Technology changes so rapidly with new gadgets invented every day. Many of us get caught up with purchasing the latest advances and do not think about how or when the device’s predecessor will be disposed.
Estimates show Kentuckians annually dispose of about 40,000 to 80,000 tons of electronic waste.
Fortunately, many Kentucky counties offer recycling programs for this waste, also known as e-scrap.
Electronics contain valuable materials including copper, precious metals or engineered plastic.
Joel Ray Sprowls’ Lincoln Jamboree hosted an evening of Gospel singing. Proceeds were donated to the Newspapers in Education, which provides newspapers to LaRue County classrooms. The groups performing were the Heartland Quartet and Redeemed.
The “101 Must Places to Visit in Kentucky Before You Die!” contains information about points of interest across the state. It includes Abraham Lincoln’s birthplace near Hodgenville and the Zachary Taylor Cemetery in Louisville as well as natural wonders. West provides historic detail and stories that enhance a cross-state adventure or provide arm-chair entertainment.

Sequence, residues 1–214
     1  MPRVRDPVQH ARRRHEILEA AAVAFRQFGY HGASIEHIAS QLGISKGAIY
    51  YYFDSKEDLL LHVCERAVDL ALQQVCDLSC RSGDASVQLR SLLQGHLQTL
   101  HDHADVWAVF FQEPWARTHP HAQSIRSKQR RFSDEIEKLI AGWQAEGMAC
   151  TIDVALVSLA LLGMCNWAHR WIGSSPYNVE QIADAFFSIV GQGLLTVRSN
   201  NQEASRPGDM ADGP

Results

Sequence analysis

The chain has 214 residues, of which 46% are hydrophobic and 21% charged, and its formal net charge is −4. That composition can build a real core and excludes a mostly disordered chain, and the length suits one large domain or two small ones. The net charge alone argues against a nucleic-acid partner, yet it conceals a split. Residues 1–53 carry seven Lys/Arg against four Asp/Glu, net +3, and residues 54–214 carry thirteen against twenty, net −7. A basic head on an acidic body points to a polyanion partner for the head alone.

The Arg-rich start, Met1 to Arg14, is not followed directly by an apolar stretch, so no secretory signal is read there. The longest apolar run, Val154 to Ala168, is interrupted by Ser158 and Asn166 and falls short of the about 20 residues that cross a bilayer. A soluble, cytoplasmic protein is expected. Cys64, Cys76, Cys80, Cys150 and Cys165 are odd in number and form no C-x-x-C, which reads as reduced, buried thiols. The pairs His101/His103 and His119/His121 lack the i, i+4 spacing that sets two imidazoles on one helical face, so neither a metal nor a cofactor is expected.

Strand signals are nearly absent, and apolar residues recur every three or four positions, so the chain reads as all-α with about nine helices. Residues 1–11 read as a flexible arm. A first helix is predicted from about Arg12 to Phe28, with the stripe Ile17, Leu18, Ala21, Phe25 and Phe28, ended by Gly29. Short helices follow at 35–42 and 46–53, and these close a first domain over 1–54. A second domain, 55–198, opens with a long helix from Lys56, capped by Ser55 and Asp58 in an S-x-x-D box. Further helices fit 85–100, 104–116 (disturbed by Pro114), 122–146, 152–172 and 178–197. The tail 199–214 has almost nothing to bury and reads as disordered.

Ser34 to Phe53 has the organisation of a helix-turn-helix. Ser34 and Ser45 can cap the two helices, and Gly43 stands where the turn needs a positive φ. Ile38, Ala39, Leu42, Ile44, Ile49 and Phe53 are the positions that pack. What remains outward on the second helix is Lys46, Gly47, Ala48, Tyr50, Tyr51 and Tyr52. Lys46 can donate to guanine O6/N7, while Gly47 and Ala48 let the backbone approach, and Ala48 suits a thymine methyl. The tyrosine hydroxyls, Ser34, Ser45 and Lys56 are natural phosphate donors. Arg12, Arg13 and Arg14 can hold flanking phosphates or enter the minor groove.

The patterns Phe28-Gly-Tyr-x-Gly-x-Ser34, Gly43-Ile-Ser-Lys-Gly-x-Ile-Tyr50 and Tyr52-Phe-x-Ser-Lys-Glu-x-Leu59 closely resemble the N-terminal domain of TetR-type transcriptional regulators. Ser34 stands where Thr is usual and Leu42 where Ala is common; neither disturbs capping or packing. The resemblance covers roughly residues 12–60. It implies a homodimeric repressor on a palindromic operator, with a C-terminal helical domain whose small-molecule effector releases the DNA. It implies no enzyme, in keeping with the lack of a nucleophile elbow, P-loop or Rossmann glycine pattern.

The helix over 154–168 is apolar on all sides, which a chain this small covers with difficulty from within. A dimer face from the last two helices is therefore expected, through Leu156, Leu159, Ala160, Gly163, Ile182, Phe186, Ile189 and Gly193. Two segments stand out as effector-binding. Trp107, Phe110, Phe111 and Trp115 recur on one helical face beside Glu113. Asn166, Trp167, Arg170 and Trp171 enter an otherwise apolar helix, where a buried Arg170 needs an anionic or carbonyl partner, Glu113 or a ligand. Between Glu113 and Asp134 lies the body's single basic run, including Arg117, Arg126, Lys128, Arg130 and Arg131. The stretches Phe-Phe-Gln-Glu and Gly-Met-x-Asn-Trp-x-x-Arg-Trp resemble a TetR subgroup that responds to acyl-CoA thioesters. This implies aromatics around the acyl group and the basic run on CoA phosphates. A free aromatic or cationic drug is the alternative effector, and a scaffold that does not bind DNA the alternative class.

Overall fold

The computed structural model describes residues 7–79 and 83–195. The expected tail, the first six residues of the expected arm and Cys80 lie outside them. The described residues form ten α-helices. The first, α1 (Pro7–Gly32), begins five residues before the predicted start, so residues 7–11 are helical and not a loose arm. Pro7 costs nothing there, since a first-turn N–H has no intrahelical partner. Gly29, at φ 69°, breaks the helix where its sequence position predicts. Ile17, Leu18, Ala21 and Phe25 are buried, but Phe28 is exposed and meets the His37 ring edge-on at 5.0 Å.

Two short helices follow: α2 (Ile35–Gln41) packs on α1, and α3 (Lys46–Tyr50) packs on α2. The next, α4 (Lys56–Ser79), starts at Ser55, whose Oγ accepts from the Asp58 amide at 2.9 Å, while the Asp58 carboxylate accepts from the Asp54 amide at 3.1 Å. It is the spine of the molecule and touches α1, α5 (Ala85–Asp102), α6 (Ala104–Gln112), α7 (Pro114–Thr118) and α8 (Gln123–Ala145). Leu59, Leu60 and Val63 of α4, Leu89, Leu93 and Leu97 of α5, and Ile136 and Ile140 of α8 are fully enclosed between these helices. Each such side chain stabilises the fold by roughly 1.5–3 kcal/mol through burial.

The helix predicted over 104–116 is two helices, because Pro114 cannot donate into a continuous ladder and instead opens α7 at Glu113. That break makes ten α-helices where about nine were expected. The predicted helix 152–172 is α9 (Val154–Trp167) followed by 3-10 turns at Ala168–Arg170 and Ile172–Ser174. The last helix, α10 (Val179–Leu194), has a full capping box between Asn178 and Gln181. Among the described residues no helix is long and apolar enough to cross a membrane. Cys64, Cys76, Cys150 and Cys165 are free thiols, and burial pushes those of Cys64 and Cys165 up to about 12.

The Department of Revenue will hold a statewide Property Valuation Administrator exam for anyone interested in running for PVA in 2010 in any county in the state.
The test will be 9 a.m. Nov. 5 at Eagle Lake Convention Center, 1000 Eagle Lake Drive, Lawrenceburg. Individuals who pass this exam will be eligible to seek election in the 2010 primary and general elections.
The Kentucky State Parks are celebrating their 85th anniversary this year and is offering a poetry contest for visitors who like to write about outdoor experiences.
The contest has three age categories – 11 and younger, 12-18 and 19 and older. Any style may be used but poets are asked to use a theme that is some way related to the natural, cultural or historical aspects of the 52 state parks.
Ancestral Trails Historical Society met earlier this month with Steve Mather presenting a program on grave dowsing. He illustrated how it was done by using a male and female to lie on the floor and let the dowsing rods indicate the sex of the person. The dowsing rods can determine the height of the person also. The society hopes to have him return next spring and illustrate the art of grave dowsing at a local cemetery.
The next meeting will be Nov. 6 at the public library in Elizabethtown.